We’re working constantly on ManiaPlanet, and players will see the results when we’re ready to deliver them.

RPS: What sort of features are you providing to facilities community events in the new game?

Beauchemin: To list a few: ManiaLive to manage dedicated servers and retrieve statistics and much more, ManiaClub offers communities a tool to manage clubs easily (like football clubsé if I may). ManiaLink is there to host your space ingame, like your community webpage. ManiaPub 2.0, which is in the making, will allow communities to advertise for their events.

RPS: What keeps you excited about Trackmania?

Beauchemin: I’m always surprised by all the novelties I see every day. Players were creative with TrackMania, but ManiaPlanet and TrackMania² offers them many more possibilities, and they seized them quickly and used them for creating outstanding stuff. Every time I connect on the servers, I’m having a blast because of the combined qualities of the experience. A great game with a great community means having a blast every time I log online! Hope to see you on the servers soon!

RPS: Thanks for your time.


  1. djbriandamage says:

    Nadeo is a great developer and I love everything about them except their stubborn insistence on using Starforce DRM on every game; even demos and the free Trackmania Nations. I sincerely hope they’ve gotten over this because that’s a dealbreaker for me.

    • rocketman71 says:

      Yep, and I haven’t forgotten Florent’s kind words towards those of us that complained about StarForce.

      But hey, Trackmania is one of the best series of the last years, and in the end I had to buy it despite part of the money going to Ubi. If that’s not a recommendation, I don’t know what is.

      I just wish they had kept the offline single player as it was. And the 5 minutes before an official time is stupid. But whatever, TM2 Canyon is a fantastic game, I just hope Valley arrives on time before we get tired of so much canyon.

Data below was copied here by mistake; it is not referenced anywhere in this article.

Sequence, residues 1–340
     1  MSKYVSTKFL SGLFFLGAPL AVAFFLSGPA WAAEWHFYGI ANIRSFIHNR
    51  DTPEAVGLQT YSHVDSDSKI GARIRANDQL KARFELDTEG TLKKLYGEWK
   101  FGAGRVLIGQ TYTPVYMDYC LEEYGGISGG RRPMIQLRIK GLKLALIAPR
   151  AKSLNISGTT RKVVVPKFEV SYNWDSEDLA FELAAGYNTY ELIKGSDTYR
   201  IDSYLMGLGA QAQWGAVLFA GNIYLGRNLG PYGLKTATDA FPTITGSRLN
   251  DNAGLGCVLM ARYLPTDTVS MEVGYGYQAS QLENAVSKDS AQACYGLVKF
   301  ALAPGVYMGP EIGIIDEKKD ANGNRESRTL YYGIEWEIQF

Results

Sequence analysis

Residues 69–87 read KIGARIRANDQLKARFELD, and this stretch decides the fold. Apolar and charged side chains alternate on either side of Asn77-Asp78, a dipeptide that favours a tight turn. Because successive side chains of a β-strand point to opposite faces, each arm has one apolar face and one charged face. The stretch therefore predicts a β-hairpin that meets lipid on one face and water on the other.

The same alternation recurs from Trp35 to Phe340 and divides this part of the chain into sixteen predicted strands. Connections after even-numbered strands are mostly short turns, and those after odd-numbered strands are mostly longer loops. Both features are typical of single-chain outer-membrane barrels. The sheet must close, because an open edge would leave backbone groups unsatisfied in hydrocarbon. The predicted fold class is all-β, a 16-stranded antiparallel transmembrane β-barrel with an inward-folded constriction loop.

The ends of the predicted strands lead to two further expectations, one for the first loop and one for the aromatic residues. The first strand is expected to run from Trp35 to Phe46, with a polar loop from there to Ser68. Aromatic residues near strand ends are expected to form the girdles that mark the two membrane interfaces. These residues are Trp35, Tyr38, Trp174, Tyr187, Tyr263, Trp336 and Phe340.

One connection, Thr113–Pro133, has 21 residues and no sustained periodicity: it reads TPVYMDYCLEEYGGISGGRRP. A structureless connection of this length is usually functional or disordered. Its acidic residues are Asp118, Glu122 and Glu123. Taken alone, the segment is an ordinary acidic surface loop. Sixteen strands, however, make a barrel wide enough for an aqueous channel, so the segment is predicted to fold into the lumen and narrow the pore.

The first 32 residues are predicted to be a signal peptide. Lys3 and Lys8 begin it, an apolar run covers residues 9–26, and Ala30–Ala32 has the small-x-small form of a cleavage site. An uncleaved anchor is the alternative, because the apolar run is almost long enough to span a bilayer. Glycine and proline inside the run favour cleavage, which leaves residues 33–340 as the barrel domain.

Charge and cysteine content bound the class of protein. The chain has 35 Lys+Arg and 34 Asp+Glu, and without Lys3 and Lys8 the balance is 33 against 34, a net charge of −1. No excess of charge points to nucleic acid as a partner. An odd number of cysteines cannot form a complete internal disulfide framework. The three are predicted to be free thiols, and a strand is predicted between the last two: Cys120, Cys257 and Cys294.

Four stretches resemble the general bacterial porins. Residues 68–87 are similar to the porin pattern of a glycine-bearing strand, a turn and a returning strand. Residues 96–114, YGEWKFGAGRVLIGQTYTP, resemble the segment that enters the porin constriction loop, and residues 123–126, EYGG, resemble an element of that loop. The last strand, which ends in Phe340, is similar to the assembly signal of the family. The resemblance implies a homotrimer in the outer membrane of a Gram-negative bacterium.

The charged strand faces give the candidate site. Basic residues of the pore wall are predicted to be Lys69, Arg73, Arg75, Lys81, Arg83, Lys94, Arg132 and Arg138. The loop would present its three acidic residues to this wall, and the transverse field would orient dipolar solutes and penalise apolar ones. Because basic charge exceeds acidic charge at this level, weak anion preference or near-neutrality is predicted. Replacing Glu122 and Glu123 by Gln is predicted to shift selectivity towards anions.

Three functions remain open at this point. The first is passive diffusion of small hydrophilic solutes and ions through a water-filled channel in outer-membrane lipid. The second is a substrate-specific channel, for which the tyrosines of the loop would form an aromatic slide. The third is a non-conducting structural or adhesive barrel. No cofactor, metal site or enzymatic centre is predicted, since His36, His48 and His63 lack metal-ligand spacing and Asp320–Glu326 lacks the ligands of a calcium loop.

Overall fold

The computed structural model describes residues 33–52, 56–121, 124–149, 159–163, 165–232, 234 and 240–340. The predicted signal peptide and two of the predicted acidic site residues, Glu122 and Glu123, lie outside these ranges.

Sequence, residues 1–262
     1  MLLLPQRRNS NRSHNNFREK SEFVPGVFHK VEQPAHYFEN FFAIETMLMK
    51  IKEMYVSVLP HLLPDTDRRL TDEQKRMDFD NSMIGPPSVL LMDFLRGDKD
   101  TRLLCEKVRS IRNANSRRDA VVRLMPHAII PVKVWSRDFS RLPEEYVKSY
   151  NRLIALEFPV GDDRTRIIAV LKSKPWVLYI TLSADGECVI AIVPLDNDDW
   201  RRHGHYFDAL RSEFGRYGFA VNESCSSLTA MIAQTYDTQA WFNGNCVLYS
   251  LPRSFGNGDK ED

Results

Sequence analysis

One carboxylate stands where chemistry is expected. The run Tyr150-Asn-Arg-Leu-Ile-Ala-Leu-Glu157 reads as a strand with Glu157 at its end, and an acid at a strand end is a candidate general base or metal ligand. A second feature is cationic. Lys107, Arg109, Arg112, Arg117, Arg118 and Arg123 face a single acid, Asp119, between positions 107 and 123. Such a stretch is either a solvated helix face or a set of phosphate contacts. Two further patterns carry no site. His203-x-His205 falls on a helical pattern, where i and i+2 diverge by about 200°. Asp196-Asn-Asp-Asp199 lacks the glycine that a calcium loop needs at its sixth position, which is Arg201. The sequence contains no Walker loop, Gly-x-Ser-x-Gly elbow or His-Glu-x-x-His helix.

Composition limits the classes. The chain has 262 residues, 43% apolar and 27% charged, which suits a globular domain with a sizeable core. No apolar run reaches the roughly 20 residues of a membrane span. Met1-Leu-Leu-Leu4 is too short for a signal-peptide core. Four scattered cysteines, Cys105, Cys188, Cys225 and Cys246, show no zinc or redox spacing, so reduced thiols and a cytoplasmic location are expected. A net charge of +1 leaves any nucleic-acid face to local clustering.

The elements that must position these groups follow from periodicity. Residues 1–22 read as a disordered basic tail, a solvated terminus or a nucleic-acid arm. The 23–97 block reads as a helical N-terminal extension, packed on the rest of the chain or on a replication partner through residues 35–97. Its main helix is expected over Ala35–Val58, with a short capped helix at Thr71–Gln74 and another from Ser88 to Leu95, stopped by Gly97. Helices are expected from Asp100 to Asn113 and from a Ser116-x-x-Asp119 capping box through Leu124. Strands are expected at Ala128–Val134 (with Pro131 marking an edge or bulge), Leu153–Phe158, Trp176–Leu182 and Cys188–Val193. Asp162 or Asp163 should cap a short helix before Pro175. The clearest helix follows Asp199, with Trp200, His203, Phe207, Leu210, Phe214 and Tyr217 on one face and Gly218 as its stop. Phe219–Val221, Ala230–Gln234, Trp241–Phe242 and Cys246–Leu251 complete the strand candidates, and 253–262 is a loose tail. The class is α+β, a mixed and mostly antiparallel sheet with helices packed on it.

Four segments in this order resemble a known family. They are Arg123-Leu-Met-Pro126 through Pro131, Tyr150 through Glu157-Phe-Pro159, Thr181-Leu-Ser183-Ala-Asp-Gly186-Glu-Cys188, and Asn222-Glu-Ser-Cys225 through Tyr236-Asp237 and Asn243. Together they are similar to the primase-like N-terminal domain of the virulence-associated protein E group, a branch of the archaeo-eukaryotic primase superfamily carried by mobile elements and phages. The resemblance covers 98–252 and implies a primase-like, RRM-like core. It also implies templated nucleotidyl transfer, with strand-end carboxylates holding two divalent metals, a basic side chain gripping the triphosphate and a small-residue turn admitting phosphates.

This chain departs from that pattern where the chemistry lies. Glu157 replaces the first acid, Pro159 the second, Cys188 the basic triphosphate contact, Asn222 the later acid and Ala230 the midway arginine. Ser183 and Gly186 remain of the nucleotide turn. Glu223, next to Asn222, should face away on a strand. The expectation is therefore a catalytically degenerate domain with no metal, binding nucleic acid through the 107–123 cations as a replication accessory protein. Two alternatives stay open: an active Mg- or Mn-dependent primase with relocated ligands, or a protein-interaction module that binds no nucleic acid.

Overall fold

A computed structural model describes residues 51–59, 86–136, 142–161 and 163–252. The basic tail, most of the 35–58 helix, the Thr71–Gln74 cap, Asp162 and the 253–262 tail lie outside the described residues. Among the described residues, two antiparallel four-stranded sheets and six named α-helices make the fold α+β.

• Shadowcat says:

      Dude, you’re way behind. TrackMania United Forever and TrackMania Nations Forever were both 100% free of Starforce.

    • frymaster says:

      “even demos”

      do we really have to do this again? OK, let’s do this again.

      assuming you are putting DRM on the finished product, you need to put the same DRM product (albeit presumably with different permissions, like, say, “always allow”) on the demo, otherwise you’ve just handed crackers a guide on decoding the finished version. If a game has DRM, expect the demo to have the same DRM. It’s no more egregious a crime than putting DRM on the game in the first place.

    • rocketman71 says:

      @Shadowcat: they’re free of StarForce NOW. At release time they both included that virus.

    • rayne117 says:


      Do we have to go through this again?

      If you make a game, it WILL be cracked. This means you’re making us, the customers, the ONLY people that have to use the DRM. I am not a criminal, but I may be soon if they keep this shit up.

    • Shadowcat says:

      they’re free of StarForce NOW. At release time they both included that virus.

      NO THEY DID NOT! Not unless Nadeo lied through their teeth when telling the public that the “Forever” games were 100% free of any and all Starforce software (which would have been a stupendously dumb and ill-fated move, so I’ll be wanting to see some evidence of that if you believe it to be true).

      Assuming they did not lie, here is the actual situation:

      The original “TrackMania Nations” contained Starforce.

      “TrackMania Nations Forever” has NEVER had Starforce.

      The original “TrackMania United” had some Starforce copy protection (although it did not in fact contain the nasty drivers that are what people usually refer to as “Starforce”).

      “TrackMania United Forever” has NEVER had Starforce.

      In conclusion: If you download any release of TMNF, or just purchase any release of TMUF in any format, no Starforce software will be included.

    • Shadowcat says:

      Also: Software viruses are very aptly named for certain resemblances to the reproductive capabilities and methods of biological viruses, and Starforce does not qualify, no matter how much you dislike it.

  2. Vexing Vision says:

    I really can’t wait to see what kind of level editor they throw in for the RPG Mania.

    And as usual, I’ll spend 10 hours playing the game and 90 hours of my Trackmania 2 experience designing tracks.

  3. Zeewolf says:

    Would have been nice to hear why they’ve dropped platform, puzzle and stunt. Did they just drop everything that don’t work in multiplayer or as “connected single player”?

    • Shadowcat says: